By: Malavika J
Being a postgraduate student, the transition to this university was pretty smooth, as I’ve already been in places like this before. From boarding the train to minutes after reaching Katpadi, something had kept me composed. Maybe it was the fact that I knew that I wouldn’t be utterly lonely, right from day one, as I had my old friends from UG accompanying me here.
The rigorous schedule here was a big no no at first, but we acclimatised like bacteria in a fresh culture. Exam times called for questioning the great old Indian education system. Nothing good came out of staying awake till dawn and then puking the exact thing onto paper leaflets. Still, we are forced to do the same old thing. It’s either we study till three or write retests in the middle of exams, which is even worse. So if you’re wise enough, you’d stick to the former. But what made it tolerable was the fact that you weren’t the only one stuck in this tedious loop.
A few months ago, I came across the term “comfortable silences” in one of the books. That’s when I recalled a friend saying that there were many instances of comfortable silences between us. Unfortunately it is no more. For me, it kind of looks like sharing absolute ‘zoning out’ moments without the need to acknowledge each other and just being in the moment, in complete silence. Suddenly that term seems familiar. The very idea is warming as well as intriguing at the same time.
It took me a solid twenty two years to realise that dealing with people isn’t the same as making them your friends. Ever since the past few months, I despise the word “adulting” so much that the very mention of the term makes me roll my eyes. Such a spiteful word, especially when you did not, atleast consensually, sign up for it.
In this rat race, you can’t even tell someone you’re tired. There’s a high chance they might belittle you or even worse- compare. Adulting is an art, which gets the better of us as we age. I believe the first step to peaceful adulting is to weed out folks who make you doubt yourself.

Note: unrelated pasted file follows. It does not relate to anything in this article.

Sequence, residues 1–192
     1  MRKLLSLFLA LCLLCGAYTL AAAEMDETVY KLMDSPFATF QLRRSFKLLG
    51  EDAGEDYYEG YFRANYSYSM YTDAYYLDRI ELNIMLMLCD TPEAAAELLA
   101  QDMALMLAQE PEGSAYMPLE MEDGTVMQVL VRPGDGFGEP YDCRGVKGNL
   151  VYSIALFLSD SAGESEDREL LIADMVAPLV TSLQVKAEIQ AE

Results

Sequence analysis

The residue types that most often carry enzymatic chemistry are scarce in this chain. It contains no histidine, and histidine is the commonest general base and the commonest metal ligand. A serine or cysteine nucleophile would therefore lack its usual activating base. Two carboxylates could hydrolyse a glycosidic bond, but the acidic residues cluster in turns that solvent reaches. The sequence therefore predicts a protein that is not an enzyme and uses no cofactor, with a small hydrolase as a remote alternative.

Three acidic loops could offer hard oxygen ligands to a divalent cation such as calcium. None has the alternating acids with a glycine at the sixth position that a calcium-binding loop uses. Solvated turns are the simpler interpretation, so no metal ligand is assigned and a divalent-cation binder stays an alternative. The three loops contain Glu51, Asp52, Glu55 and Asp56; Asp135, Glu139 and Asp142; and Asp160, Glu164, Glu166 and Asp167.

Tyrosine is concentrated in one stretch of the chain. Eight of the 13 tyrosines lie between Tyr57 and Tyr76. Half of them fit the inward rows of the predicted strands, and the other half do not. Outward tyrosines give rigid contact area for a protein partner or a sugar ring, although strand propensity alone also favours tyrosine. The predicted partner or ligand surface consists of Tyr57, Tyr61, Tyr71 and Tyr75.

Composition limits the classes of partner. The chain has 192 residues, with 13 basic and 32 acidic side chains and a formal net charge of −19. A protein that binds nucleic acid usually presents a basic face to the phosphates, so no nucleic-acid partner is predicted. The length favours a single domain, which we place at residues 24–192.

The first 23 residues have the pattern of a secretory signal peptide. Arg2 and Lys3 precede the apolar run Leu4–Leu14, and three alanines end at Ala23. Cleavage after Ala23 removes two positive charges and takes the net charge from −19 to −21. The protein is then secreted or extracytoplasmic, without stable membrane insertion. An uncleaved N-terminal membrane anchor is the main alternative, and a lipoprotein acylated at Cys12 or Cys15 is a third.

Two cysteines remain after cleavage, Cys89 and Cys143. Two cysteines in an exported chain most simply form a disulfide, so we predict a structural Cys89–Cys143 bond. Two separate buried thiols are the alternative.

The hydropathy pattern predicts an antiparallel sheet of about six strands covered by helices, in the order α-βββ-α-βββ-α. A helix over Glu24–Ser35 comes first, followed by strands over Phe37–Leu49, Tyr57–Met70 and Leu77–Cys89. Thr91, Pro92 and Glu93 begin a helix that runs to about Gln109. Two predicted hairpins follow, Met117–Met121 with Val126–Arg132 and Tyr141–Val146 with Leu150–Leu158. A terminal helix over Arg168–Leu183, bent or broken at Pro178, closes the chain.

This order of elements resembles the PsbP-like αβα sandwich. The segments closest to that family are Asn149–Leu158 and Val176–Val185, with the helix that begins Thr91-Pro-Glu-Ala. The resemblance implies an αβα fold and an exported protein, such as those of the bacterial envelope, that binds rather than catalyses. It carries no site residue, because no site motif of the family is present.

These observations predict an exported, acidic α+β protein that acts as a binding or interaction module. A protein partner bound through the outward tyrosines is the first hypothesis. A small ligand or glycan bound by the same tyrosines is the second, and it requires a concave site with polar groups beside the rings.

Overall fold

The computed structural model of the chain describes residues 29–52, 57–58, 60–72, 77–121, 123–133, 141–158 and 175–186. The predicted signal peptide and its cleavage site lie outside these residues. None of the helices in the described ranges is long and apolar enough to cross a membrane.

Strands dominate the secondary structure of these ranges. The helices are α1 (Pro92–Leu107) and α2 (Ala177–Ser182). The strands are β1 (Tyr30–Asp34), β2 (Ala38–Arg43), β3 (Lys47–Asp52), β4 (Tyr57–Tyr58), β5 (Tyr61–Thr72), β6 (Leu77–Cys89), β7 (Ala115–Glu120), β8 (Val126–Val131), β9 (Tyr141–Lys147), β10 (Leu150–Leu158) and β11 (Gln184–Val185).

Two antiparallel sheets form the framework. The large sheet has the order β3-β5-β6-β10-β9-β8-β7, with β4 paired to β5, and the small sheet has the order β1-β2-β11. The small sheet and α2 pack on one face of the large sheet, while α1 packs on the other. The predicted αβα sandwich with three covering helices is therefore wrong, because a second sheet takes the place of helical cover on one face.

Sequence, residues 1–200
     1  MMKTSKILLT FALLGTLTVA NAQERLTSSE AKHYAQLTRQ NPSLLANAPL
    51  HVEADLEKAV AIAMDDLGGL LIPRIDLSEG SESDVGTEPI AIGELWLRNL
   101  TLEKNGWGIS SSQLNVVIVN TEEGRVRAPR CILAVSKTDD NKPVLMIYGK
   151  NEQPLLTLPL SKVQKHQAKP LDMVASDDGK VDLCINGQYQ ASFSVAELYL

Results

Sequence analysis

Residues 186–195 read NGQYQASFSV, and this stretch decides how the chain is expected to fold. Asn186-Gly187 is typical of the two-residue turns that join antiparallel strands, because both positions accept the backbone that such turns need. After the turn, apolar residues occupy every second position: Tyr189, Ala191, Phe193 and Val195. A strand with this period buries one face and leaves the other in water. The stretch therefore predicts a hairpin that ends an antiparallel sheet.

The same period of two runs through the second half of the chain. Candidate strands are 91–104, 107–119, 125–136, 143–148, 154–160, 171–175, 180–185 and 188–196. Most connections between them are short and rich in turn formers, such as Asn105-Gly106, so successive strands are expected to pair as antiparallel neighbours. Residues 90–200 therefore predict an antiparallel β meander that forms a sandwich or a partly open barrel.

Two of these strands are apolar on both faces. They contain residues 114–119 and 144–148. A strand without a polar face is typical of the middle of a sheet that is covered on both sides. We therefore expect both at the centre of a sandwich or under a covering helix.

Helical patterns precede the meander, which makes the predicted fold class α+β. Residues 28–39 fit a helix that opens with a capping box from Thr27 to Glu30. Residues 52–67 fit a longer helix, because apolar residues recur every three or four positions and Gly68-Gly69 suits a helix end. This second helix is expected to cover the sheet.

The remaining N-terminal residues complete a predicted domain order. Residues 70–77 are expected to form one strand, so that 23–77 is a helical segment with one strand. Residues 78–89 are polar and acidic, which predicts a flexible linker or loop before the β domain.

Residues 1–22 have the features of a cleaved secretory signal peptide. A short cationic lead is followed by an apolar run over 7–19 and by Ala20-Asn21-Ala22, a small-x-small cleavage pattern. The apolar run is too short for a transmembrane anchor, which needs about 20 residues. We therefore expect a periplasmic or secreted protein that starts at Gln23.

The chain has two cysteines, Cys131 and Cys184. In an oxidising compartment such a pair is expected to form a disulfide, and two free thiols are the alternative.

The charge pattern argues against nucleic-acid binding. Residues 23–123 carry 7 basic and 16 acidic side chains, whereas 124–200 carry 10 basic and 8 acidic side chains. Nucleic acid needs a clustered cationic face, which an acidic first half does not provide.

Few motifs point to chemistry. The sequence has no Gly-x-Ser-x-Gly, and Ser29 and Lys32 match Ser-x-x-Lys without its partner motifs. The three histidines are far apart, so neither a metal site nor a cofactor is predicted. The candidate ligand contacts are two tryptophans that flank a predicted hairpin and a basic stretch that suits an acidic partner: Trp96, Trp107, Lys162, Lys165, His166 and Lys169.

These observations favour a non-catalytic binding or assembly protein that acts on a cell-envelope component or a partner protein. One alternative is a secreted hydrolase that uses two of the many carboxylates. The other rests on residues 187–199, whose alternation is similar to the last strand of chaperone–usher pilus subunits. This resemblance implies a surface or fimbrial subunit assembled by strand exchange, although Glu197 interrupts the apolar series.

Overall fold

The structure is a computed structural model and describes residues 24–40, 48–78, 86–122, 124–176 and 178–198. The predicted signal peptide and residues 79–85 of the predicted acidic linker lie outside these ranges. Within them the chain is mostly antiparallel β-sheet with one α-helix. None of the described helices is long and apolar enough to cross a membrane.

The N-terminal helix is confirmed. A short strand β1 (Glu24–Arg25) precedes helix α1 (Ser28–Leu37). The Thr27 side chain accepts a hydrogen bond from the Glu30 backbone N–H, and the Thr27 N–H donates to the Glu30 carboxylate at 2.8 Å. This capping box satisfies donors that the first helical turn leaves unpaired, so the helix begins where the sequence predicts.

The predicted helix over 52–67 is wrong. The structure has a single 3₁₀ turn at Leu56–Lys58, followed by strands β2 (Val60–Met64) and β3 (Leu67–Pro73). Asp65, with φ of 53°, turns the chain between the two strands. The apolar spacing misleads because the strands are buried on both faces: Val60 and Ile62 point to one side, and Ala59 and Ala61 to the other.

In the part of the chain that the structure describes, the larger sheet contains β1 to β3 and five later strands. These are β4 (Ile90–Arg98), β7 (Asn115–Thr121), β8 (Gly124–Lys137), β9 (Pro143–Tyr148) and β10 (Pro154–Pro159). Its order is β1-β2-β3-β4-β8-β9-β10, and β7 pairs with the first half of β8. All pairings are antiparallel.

No matter how much you enjoy someone’s company, you just can’t bear with them 24*7. All of us need frequent breaks to just get off from all sorts of company, embrace some solitude and for clarity of thought.
Friendships never come with the tag that they’re always going to be cosy and fun. Disagreements, conflicts and misunderstandings are bound to happen, be it in friendships or any sort of relationship. If we are unable to communicate and resolve the things that bother us, maybe it’s time to reanalyse terms with that person.
Bottom-line is that nobody is going to stay the same by our side forever. Either growth is bound to happen healthily or we grow apart. Again, growing apart doesn’t mean that person is no longer a good friend. It’s just that in a particular phase, the connection was less forced and more meaningful. Unfortunately, it doesn’t exist anymore.
We are a canvas of all the people who have ever crossed paths with us. Be it just a passer by or someone with whom we couldn’t have been more vulnerable, all of it matters in shaping who we are today. And I think that’s more than enough.
Apart from the bigger picture of making it sound poetic or making myself look like a literal embodiment of teenage angst, I absolutely hate having to deal with fellow humans throughout the day. The ambivert in me likes to selectively participate in interactions and prefers to just listen and nod, without meaning to be inattentive.So now, I go through my schedule everyday, with the lingering hope that it will suffice, at least for the time being
2 thoughts on “The Subtle Art of Peopling”
The author is awesome and so the blog toooo💫💥
Thank you so much!